The “accidental union” worry stems from Thomas Aquinas’ discussion of the Incarnation in Summa Theologiae III.2.6. What Aquinas is doing here is accusing what Peter Lombard called the habitus (Latin for “garment”) model of the Incarnation as essentially Nestorian. On the habitus model, the Incarnation obtains when God (the Son) unites a human body and soul to himself separately, without the two likewise being joined together. In other words, God (the Son) assumes the component parts of a human nature, but the component parts don’t comprise a human being because they aren’t united together. It’s rather like a man putting on a sweatshirt and then a jacket on over the top; the man truly puts on both garments, but there’s no real sense in which those two garments are united together, except in that they are worn by the same man.

Here’s what Aquinas says:

But the other opinion falls into the error of Nestorius by maintaining an accidental union. For there is no difference in saying that the Word of God is united to the Man Christ by indwelling, as in His temple (as Nestorius said), or by putting on man, as a garment, which is the third opinion; rather it says something worse than Nestorius—to wit, that the soul and body are not united.

Look, anybody who knows what’s going on with the habitus model and the Oneness-modified Leftovian view I’m talking about should know that this just isn’t what’s going on here at all. Dulle can still maintain that Christ has a truly human soul and body that are united, and furthermore that this complete human nature is united in the one Boethian Person who just is God-as-Son (in that life stream). So we have a hypostatic union (the union is in the Person or hypostasis of God) and no accidental union. 

If worries (1) through (4) are what are at issue in Nestorianism, and if I am myself understanding all the moving pieces here, I don’t think what I’m suggesting might be Dulle’s view (or close to it) is Nestorian, even though there are two Lockean persons involved in the Incarnation. This therefore remains a charitable reconstruction of (what could be) Dulle’s view.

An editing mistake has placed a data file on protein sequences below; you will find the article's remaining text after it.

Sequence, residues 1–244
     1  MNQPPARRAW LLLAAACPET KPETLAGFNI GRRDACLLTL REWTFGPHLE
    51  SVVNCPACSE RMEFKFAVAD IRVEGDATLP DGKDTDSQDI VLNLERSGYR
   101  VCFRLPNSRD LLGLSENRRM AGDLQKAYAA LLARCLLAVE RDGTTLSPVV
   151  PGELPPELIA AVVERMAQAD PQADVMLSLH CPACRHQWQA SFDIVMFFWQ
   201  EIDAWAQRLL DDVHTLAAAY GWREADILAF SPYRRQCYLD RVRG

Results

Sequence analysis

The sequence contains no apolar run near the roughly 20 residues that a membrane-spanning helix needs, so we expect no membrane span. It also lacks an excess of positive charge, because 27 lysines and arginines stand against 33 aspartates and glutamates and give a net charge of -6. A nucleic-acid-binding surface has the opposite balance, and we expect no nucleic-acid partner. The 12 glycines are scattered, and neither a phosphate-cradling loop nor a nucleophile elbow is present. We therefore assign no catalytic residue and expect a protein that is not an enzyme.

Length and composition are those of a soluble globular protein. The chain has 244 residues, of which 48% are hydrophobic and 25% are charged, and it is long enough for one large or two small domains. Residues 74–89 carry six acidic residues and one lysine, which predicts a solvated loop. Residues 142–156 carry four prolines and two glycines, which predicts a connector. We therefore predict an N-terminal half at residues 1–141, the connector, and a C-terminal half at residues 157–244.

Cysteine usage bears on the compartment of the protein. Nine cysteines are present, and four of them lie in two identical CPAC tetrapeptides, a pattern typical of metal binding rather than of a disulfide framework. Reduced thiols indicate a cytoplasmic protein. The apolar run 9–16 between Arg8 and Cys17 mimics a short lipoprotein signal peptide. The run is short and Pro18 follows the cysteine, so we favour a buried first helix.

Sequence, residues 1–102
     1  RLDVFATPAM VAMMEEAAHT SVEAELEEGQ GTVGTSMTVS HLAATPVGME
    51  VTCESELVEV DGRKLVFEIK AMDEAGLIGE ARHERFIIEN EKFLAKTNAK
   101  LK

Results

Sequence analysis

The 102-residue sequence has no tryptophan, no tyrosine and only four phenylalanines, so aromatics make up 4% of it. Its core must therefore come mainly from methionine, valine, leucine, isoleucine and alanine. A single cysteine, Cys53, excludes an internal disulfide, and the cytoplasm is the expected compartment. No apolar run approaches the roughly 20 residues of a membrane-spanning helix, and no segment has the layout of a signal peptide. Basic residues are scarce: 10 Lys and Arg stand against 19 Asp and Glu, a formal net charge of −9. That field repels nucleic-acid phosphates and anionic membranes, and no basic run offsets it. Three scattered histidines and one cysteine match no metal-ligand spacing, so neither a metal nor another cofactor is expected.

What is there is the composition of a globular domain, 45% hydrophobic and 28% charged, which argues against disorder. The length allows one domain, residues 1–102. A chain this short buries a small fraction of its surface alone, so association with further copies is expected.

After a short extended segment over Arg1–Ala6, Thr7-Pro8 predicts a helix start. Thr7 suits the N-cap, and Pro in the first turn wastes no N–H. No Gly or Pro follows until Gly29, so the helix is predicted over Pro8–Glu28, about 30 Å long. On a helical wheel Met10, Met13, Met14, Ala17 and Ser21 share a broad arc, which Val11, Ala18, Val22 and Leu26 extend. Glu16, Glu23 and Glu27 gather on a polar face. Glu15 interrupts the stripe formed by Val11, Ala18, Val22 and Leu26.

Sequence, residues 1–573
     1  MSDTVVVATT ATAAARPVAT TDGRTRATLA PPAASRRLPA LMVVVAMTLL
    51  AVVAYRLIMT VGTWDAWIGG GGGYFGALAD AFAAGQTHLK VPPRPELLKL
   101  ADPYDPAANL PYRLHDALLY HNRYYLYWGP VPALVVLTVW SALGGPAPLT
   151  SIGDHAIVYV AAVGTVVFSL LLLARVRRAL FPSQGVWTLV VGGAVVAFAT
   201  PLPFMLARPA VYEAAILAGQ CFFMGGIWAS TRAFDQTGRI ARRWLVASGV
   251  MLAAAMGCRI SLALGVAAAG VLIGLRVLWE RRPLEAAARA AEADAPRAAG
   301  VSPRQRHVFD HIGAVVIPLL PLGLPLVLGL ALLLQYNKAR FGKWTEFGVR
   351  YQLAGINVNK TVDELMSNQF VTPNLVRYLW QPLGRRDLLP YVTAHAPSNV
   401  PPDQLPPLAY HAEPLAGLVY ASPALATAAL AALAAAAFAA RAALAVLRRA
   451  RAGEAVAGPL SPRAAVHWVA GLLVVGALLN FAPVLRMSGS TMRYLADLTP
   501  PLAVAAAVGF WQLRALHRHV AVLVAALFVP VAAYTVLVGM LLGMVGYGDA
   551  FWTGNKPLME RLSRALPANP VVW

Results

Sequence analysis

On my First Pass at Dulle’s View

Now, when I first described Dulle’s view, I tried to avoid attributing metaphysically elaborate theories to him in order to charitably understand his view. To me, the way he speaks about his view is consistent with the way that I first described it, even if it isn’t quite right. To be honest, when I wrote my posts about Dulle’s view, I hadn’t yet read Leftow’s paper. In turn, I also hadn’t considered how Dulle might appropriate the metaphysical framework and apply it to his Oneness Christology.

So now I’d like to retract my initial construction of Dulle’s view, provided that he confirms that the truly modalistic emendation of Leftow’s view just is, or is close to, what he is claiming. This view, I think, makes sense of God’s ways of being conscious of himself, and also allows for Patripassianism to be false (from the timeline of God-as-Son). Though the God who is (in some life stream) the Father suffers by virtue of a human nature in the hypostatic union (in some other life stream), this doesn’t mean that the Father suffered any more than it means this for Leftow’s own view.

So, Mr. Dulle, am I getting warmer?